Russia's charm offensive launched by President Vladimir Putin in the Gulf back in 2012 has borne fruit, according to Samuel Ramani, a DPhil candidate in International Relations at St. Antony's College, University of Oxford.
"Through stronger investment linkages and diplomatic overtures, Russia has attempted to carve out a more prominent geopolitical role in the Persian Gulf… Stronger relations between Moscow and Saudi Arabia's closest allies have caused some GCC [the Gulf Cooperation Council] countries to be more receptive to Russia's calls for a political solution in Syria. Saudi Arabia's fear of being isolated from the Arab world's consensus could cause Riyadh to eventually soften its belligerent anti-Assad approach and diplomatically reengage with Russia," Ramani writes in his article for The National Interest.
Ramani calls attention to the fact that despite obvious disagreements over Syria, Russia has bolstered economic ties with Qatar, the United Arab Emirates (UAE), Oman and Kuwait "to counter Saudi Arabia's hegemony in the Persian Gulf."
Initially, Riyadh regarded Russia's charm offensive as motivated by Moscow's economic interests, Ramani notes, citing Mark N. Katz of George Mason University. Russia's efforts to engage GCC countries on achieving a political resolution on Syria have caught Saudi Arabia by surprise.
Moscow has created a coalition together with Oman, Kuwait and the UAE to counter the Saudi-Qatari bloc, the British scholar explains.
Furthermore, given Russia's "strengthening of ties" with Algeria, Iraq and Egypt, Moscow stands a good chance of swinging the balance in its favor during the peace talks on Syria.
"Should [Vladimir Putin] succeed, Saudi Arabia and Qatar could risk regional isolation if they do not moderate their intransigent opposition to Assad," Ramani underscores.
Arguing with US analysts Jonathan Schanzer and Boris Zilberman, Ramani assumes that Russo-Saudi relations would rather transition into a "cold peace," not hostility.
At the same time, in light of Ankara's change of heart toward Moscow it is unlikely that Saudi Arabia would risk its relations with Turkey to strike back at Russia.
Meanwhile, signs continue to emerge showing Riyadh's apparent intent to improve Saudi-Russian relations.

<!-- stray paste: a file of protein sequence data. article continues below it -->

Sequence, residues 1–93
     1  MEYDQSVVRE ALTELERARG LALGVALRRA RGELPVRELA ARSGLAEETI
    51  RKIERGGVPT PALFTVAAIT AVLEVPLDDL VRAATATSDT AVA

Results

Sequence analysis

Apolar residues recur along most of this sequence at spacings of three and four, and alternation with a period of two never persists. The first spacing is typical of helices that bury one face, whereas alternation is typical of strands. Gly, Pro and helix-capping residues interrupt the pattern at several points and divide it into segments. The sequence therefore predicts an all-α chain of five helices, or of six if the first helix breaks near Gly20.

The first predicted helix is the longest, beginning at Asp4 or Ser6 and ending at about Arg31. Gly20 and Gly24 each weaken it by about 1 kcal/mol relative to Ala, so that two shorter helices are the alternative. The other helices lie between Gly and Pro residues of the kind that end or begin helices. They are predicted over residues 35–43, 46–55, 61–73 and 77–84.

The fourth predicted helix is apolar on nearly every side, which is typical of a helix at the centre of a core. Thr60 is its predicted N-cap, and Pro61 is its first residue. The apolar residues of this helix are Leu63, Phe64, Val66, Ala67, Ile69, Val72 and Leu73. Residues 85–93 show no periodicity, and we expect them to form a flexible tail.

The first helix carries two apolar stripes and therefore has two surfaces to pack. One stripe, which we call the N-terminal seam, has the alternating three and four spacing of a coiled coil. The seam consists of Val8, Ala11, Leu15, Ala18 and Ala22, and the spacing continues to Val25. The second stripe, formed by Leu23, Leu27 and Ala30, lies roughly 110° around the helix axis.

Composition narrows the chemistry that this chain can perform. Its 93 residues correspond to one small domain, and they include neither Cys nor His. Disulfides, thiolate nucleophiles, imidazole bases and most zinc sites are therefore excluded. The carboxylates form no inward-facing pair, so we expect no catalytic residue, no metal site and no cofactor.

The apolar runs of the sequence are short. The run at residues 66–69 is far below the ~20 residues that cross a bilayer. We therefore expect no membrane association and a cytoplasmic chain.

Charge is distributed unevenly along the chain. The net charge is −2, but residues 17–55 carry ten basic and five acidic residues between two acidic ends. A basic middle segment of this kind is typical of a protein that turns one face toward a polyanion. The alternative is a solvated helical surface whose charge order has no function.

"Both sides are carrying on coordinating and consulting on the matter in order to converge approaches to the problem," al-Jubeir said, as quoted by the Al Riyadh newspaper.
Citing al-Jubeir the monarchy's daily Saudi Gazette wrote Monday that the Gulf kingdom is interested in building "best relations" with Russia.
"He [Adel al-Jubeir] said that a number of agreements have been signed between the two sides, including cooperation in the field of oil and energy and enhancement of joint investments in addition to constructive cooperation in the field of combating terrorism, noting the efforts being exerted to achieve the Kingdom's Vision 2030," the media outlet underscored.
However, "this is definitely not what Moscow wants to hear from Riyadh," Katz stresses in his opinion piece for Lobelog.com.
Al-Jubeir's latest statement that Riyadh still wants to improve Russo-Saudi relations may indicate the Gulf kingdom's intention either to give its Western allies the shivers, or to create differences between Moscow and Tehran, the scholar suggests.
However, according to Ramani, Riyadh's "hostility" toward Russia is overstated. In reality, "Riyadh's overarching agenda is to reduce its security dependence on the United States and maintain Saudi Arabia's position as the Arab world's most influential country."
"Therefore, Saudi Arabia is likely to respond favorably to Russian diplomatic overtures if Putin can build a broad-based Arab coalition around a political solution to the Syrian crisis that includes Assad," the British scholar emphasizes.